Do you think you might want to do a PhD?
If you’re an MA student, or a 3rd year undergraduate, and are interested in finding out more about doing a PhD, read on. Equally, keep reading if you’re in the earlier stages of your BA and want to know more about prospective postgraduate study!
What is a PhD?
A PhD is a programme that trains you as a fully-qualified researcher. It lasts three years (or six years part-time), and at the end you produce a thesis of 80,000 words. That’s the length of a standard academic book, and by that time the work you produce should be capable of being published, perhaps in the form of articles in academic journals. In other words, it should be based on new research generating an original contribution to knowledge.
PhD researchers do lots more besides, as we’ll see. They present their work at conferences, they run conferences, they form academic networks, they blog about their work, they do placements and internships that help them communicate with a broader public. They also teach – because most PhD researchers in History are trainee academics. But fundamentally a PhD is a training in original research. It’s the gateway to an academic career. It won’t guarantee you an academic career, but without a PhD you won’t make it into academia, at least in History. That said, History PhD students now gain a wealth of skills that make them valuable to a range of employers – the civil service, the media, and think-tanks, small charities and large firms of management consultants have all employed our PhDs recently.
How do I get accepted?
You need to do an MA first. That’s a one-year course (two years if you do it part-time) that aims to give you a grounding in the research methods and intellectual skills that you’ll need to do a PhD. It will also help you understand how to design a research project, and to produce a 1,500 word proposal of the kind you’ll need to get accepted to the PhD. You’ll need to make sure the department you apply to – whether Manchester or somewhere else – has staff with the specialist expertise to supervise you; and you’ll need to contact them with an original idea for a research project that they can help you develop into a full proposal.
What does it cost, and can I get funding?
The PhD fee is a little more than £4K per year for UK and EU students. That’s much lower than the undergraduate fee, because universities still get some government funding for PhD students. Overseas students pay the full whack – that’s currently more than £15K per year.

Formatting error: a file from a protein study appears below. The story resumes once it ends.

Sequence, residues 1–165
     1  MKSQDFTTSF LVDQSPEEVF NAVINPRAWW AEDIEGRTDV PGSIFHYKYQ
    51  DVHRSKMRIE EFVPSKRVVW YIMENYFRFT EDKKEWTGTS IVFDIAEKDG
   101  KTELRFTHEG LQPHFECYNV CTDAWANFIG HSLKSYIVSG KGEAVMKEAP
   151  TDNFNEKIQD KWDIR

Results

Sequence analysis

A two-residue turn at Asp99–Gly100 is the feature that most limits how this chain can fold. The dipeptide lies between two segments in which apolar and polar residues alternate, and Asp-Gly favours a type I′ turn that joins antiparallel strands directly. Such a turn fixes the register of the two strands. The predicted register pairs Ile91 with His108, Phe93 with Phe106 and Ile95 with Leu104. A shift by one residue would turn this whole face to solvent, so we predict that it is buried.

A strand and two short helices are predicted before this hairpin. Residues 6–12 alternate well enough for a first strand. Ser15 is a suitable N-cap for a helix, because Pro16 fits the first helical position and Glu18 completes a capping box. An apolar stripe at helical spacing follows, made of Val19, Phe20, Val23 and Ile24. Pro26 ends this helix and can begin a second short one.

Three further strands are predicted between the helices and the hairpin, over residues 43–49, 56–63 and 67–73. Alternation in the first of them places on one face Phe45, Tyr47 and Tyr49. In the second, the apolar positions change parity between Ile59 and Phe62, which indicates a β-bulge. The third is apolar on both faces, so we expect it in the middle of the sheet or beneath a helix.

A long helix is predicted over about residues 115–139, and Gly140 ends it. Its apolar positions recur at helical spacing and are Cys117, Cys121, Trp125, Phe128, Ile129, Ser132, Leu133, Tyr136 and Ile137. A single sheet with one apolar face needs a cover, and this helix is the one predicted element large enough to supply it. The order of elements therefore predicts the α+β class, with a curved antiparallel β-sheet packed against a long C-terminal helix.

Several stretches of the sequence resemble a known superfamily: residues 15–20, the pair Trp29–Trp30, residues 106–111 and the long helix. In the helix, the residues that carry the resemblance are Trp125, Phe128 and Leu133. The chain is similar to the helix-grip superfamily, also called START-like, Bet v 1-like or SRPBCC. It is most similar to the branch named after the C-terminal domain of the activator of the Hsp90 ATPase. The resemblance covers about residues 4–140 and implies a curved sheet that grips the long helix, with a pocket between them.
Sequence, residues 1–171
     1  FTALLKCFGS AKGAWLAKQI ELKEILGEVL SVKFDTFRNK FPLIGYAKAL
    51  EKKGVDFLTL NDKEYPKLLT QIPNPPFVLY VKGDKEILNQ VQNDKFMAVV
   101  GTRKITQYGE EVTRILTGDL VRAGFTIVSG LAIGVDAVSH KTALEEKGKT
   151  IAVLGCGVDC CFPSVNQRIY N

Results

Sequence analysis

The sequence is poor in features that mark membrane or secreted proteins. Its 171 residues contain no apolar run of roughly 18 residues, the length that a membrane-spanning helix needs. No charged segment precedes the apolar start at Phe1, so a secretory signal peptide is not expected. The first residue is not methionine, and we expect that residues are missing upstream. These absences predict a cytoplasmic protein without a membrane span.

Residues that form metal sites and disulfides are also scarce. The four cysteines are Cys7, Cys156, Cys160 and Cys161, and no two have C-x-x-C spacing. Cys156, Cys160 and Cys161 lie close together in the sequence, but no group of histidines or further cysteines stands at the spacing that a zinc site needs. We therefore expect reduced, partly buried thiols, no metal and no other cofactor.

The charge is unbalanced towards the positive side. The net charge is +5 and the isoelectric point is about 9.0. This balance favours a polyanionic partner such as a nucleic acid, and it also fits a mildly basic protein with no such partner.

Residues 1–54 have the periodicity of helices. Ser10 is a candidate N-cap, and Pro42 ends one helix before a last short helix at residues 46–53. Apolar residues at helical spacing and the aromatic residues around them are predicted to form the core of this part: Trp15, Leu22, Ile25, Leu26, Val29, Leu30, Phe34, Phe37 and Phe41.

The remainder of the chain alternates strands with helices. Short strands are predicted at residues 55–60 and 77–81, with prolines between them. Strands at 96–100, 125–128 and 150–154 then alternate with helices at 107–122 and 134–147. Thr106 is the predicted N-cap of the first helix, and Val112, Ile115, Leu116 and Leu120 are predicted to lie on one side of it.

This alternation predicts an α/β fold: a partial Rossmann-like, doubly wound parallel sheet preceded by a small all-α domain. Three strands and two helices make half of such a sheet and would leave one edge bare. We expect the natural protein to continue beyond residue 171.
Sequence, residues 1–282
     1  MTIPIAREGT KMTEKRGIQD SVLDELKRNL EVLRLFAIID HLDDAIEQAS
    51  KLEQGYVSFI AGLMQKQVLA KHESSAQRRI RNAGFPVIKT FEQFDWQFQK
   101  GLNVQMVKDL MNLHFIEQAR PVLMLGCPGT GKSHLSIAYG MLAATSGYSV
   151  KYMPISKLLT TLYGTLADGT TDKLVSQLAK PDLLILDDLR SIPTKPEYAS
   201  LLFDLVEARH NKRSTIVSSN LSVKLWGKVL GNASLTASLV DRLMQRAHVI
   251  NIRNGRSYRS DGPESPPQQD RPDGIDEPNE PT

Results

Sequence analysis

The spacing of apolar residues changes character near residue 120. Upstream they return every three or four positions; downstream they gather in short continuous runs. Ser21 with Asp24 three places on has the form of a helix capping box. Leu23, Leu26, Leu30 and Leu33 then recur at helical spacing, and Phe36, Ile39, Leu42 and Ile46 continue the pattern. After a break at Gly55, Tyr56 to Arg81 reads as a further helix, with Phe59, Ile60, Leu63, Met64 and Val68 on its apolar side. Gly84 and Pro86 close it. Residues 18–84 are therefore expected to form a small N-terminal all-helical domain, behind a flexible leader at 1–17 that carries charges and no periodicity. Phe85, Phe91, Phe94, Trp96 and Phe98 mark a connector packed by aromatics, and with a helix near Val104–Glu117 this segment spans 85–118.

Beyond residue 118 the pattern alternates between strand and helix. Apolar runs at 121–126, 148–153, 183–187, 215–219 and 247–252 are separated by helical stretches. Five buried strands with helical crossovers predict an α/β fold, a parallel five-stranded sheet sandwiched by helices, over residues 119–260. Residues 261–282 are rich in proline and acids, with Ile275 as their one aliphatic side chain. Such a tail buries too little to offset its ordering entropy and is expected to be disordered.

Yes there is funding available, and most students need it. The government funded research councils – for History, that means the Arts and Humanities Research Council (AHRC) and the Economic and Social Research Council (ESRC) – provide studentships that pay fees and a stipend of over £14K per year, and we also have some university awards of similar value. But these are very competitive, and you need realistically to be aiming at a First Class degree for your BA and a Distinction for your MA. You also need to hone your proposal so that it’s as sharp and cutting-edge as possible.
These are usually three-year awards. But the ESRC also makes four-year awards – known as 1+3 – that fund you through your MA and then the PhD. That’s for projects in economic and social history, and also for other kinds of history using social science methods. But there’s also a limited opportunity to acquire 1+3 funding via the AHRC, if the MA is going to give you a specific set of skills you’ll need for your PhD project, such as language skills or digital methods. The catch with these schemes is that you need to have a worked-out PhD proposal at the outset. But if you’re a 3rd-year undergraduate who definitely wants to do a PhD, it’s worth talking to potential supervisors now so you can begin to formulate a proposal.
For more on ESRC awards, click the link here
For AHRC awards, click here
What help can I get?
We hold meetings every semester 1 for students interested in joining us for a PhD (keep an eye on your emails and our website!). That means current or former MA students, but it also means any 3rd-year undergraduates interested in 1+3 funding. We’ll survey the funding schemes available, give you crucial types for writing your proposals, and show you examples of successful applications. You can and should also talk to potential supervisors and show them drafts.
You can also talk to our Postgraduate Director, especially if you’re unsure about who might be able to supervise you. It’s best to email to make an appointment (Frank.Mort@Manchester.ac.uk).
And in the meantime, we hope to see you in our future postgraduate cohort!